“Clockwork Samurai” Disappoints

25014330Clockwork Samurai by Jeannie Lin
InterMix: December 1, 2015 
Genre: Steampunk
Review Source: Free from publisher.

The view was nice, but the food was bad (meh).

Clockwork Samurai is the second in Jeannie Lin’s Gunpowder Chronicles. I really enjoyed the first book, steampunk fan that I am so I was thrilled to get my hands on an advance copy of the next installment.

Clockwork Samurai takes place a year after the events in book one; Soling is working as a physician and has attracted the notice of the drug addicted Emperor. Chang-wei continues to work with the Ministry of Engineering and to encourage the Emperor to consider an alliance with the Japanese. When the Emperor agrees, Chang-wei embarks on a covert assignment in Japan to seek out a man that Soling’s father was in contact with before his death. Seeking to escape the politics of court, Soling accompanies Chang-wei, much to his chagrin.

Clockwork Samurai is filled with adventure. Japan has isolated itself from China and it’s an adventure in and of itself for Chang-wei and Soling to even get to Japan. When they do arrive in the Chinese quarter it’s another battle for them to actually leave this confined area and find the man that was willing to make an alliance with the Chinese. If you’re a fan of adventure stories you will not be disappointed with this aspect of the story. There is a huge emphasis on action and adventure and readers get to explore this clockwork Japan, which does include clockwork samurais (very cool). Admittedly, I found all these steampunk elements to be awesome, but what was less awesome was the romance.

In the first book, I was okay with the romance between Soling and Chang-wei being pretty minor. The restraint between these two leads was refreshing. This time around, I was much less patient. It’s been a year since the events of the first book. A year! And absolutely nothing is different between Soling and Chang-wei. They’ve barely spoken for the entire year since they are working in separate parts of the palace and when they do it’s like the events of the previous book never happened. There is zero passion between this couple. The subdued nature of the first book worked well, but there wasn’t a lot of momentum forward in this relationship in the second book. I was hoping for a whole lot more in book two and I was grossly disappointed with Clockwork Samurai on the romance front.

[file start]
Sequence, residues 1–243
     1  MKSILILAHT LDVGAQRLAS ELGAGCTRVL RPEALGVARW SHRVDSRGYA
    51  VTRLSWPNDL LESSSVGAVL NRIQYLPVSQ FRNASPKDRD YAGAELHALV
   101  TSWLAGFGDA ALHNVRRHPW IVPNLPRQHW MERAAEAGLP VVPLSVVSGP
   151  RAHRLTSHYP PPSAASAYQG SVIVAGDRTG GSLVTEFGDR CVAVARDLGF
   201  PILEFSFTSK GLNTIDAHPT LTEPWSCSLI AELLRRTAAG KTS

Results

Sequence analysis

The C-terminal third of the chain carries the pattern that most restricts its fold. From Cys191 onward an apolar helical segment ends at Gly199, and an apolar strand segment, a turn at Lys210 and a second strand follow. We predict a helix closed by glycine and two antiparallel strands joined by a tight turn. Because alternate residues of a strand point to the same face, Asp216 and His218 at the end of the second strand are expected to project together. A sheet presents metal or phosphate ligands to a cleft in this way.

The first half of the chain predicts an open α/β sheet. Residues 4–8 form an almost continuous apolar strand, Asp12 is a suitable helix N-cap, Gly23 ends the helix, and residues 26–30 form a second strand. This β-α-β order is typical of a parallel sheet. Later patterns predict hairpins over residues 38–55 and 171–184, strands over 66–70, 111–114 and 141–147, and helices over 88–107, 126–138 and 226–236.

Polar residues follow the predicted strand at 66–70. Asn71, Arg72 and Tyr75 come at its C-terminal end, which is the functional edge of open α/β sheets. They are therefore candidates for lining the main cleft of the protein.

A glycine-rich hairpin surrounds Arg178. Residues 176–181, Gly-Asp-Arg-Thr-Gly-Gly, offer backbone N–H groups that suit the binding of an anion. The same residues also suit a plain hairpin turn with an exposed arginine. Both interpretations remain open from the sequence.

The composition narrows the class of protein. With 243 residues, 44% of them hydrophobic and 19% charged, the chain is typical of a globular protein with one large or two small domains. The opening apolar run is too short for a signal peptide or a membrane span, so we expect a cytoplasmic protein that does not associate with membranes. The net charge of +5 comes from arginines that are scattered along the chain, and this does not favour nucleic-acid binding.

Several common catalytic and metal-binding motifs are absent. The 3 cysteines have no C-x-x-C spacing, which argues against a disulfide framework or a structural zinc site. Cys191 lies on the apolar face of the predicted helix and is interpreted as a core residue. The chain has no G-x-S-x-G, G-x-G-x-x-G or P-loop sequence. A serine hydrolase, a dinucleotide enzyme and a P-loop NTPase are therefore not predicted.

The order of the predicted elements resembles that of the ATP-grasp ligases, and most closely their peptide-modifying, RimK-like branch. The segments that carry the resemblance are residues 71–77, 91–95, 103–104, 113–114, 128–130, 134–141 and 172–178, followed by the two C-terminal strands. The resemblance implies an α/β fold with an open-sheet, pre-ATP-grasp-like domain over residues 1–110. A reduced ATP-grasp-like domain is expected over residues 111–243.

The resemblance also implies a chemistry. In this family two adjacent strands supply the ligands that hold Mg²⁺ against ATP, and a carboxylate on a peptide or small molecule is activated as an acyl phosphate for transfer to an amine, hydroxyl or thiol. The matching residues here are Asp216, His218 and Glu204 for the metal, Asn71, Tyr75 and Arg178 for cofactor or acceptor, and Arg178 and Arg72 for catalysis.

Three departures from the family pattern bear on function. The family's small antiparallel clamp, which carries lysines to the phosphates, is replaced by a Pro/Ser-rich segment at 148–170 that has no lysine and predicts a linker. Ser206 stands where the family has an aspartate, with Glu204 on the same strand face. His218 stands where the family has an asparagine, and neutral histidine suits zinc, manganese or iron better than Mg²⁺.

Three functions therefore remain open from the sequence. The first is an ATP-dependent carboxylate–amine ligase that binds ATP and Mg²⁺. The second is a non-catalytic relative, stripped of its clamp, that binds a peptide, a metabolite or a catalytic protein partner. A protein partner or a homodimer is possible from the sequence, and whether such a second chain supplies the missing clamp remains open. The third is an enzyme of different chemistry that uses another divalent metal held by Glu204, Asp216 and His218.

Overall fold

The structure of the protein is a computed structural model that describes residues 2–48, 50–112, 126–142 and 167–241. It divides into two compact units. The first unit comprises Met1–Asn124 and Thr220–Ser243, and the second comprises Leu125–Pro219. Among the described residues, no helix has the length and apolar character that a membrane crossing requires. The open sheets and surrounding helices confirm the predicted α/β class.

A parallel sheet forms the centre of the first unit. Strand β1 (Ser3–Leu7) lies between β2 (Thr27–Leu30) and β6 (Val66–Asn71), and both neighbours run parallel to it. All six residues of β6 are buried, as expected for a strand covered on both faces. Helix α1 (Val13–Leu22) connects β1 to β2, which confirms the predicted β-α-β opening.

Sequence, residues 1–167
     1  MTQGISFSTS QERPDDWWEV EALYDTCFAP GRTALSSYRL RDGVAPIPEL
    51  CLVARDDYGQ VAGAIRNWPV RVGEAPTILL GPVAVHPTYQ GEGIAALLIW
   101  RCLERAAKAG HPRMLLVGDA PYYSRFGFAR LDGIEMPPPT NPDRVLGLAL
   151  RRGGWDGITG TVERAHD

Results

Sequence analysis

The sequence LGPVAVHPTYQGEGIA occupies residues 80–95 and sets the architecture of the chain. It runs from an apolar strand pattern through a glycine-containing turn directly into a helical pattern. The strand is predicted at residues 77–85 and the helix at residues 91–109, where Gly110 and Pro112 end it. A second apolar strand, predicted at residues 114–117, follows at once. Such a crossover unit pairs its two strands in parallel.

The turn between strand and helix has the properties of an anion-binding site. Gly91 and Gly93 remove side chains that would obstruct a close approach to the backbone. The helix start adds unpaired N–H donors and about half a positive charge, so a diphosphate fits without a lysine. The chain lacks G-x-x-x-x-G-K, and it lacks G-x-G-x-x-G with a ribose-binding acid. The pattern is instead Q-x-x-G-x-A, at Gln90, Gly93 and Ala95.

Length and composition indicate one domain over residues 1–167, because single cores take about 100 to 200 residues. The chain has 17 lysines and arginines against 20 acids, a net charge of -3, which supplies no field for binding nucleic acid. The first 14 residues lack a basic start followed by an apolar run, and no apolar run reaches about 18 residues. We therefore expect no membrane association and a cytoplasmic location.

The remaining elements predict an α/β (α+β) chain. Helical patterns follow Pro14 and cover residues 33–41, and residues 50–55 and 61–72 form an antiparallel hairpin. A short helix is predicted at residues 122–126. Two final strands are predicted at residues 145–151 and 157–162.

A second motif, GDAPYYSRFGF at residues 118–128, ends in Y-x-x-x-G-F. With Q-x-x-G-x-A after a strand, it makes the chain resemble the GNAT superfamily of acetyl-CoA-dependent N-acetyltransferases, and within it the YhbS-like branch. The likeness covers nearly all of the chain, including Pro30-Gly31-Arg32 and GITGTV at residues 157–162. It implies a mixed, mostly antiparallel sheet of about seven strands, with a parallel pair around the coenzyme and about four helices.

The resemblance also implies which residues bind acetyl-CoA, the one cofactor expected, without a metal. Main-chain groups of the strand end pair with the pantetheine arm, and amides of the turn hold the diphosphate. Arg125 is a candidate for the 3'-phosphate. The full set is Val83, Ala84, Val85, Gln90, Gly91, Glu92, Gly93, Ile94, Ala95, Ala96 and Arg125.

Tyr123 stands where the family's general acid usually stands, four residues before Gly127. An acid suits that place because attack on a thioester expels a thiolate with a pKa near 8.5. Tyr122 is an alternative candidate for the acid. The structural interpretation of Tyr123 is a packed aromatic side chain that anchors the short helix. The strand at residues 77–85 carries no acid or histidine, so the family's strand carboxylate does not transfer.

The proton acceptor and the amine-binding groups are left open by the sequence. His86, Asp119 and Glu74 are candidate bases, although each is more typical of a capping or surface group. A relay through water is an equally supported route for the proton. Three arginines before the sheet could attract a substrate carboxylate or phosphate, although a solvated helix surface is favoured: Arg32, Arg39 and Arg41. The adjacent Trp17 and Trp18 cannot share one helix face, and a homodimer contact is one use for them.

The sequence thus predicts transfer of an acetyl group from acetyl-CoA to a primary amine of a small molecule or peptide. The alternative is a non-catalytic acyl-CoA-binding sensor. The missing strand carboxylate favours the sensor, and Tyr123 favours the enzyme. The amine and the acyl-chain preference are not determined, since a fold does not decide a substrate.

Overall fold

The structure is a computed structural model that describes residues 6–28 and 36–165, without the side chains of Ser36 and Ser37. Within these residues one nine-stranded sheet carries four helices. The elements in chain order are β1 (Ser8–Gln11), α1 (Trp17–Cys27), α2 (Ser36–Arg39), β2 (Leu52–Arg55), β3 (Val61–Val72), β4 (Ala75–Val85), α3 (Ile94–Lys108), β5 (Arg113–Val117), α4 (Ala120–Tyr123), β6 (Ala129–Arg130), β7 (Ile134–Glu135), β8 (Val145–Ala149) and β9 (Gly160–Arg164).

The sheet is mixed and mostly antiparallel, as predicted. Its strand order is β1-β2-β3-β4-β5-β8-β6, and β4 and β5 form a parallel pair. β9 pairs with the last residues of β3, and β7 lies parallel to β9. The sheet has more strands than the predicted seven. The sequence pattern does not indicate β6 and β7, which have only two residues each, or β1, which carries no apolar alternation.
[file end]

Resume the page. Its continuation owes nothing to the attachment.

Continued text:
Despite my lack of enthusiasm for the relationship between Soling and Chang-wei, I have to admit that I did really appreciate how the author added some much needed tension between the pair. I like that Soling is confused by Chang-wei’s defense of Western ideals and how she stands up for herself when Chang-wei is dismissive of her own less scientific practice of medicine. This conflict was integrated really well into the book and reflected the larger conflict in the book, which is the influence of the Western world and the Emperor’s motivation to stem the tide. For me, this conflict between Soling and Chang-wei really saved this second book from becoming too boring. Yes, adventure was there, but since I’m more of a character-driven reader, I did find the emphasis on action and events to be rather dull. Couple this with the absolute glacial pace of Soling and Chang-wei’s relationship, and I was rather disappointed in the whole book. Only the tension between Soling and Chang-wei’s personal viewpoints on their country’s involvement with the West kept me interested and it is exactly this that will keep me interested enough to read the follow-up.

So, while I didn’t love Clockwork Samurai it did have some redeeming qualities. I wouldn’t recommend it for romance readers, since this was a disappointing read in that respect. I would, however, recommend this to fans who prefer an action-driven read featuring a setting that is pretty unique in the steampunk genre. The Asian setting and the clockwork technology were all aspects that continue to interest me; it’s the romance that needs to perk up.

Similar Reads

If you are a fan of a quieter romance, Zen Cho’s Sorcerer to the Crown is a great follow-up. It’s witty and charming and also features characters of diverse backgrounds, something that was a tad unexpected in a Regency setting. Read my full review for why you should read this one.

Sorcerer to the Crown (Sorcerer Royal, #1)

If you’d like a road trip plus a heavier romance in your steampunk, give Delphine Dryden’s Scarlet Devices a shot. The setup for Soling and Chang-wei’s romance is very similar to the one that you see here in Scarlet Devices, although it is much less…tame.

Scarlet Devices (Steam and Seduction, #2)

For the adventure fan, it’s essential that you give my all time favourite steampunk series a try: The Ministry of Peculiar Occurrences. This series is so much fun and the hero and heroine are fabulous! One of them is an archivist who’s got an unexpected secret agent side. Start with book one, Phoenix Rising.

Phoenix Rising (Ministry of Peculiar Occurrences, #1)


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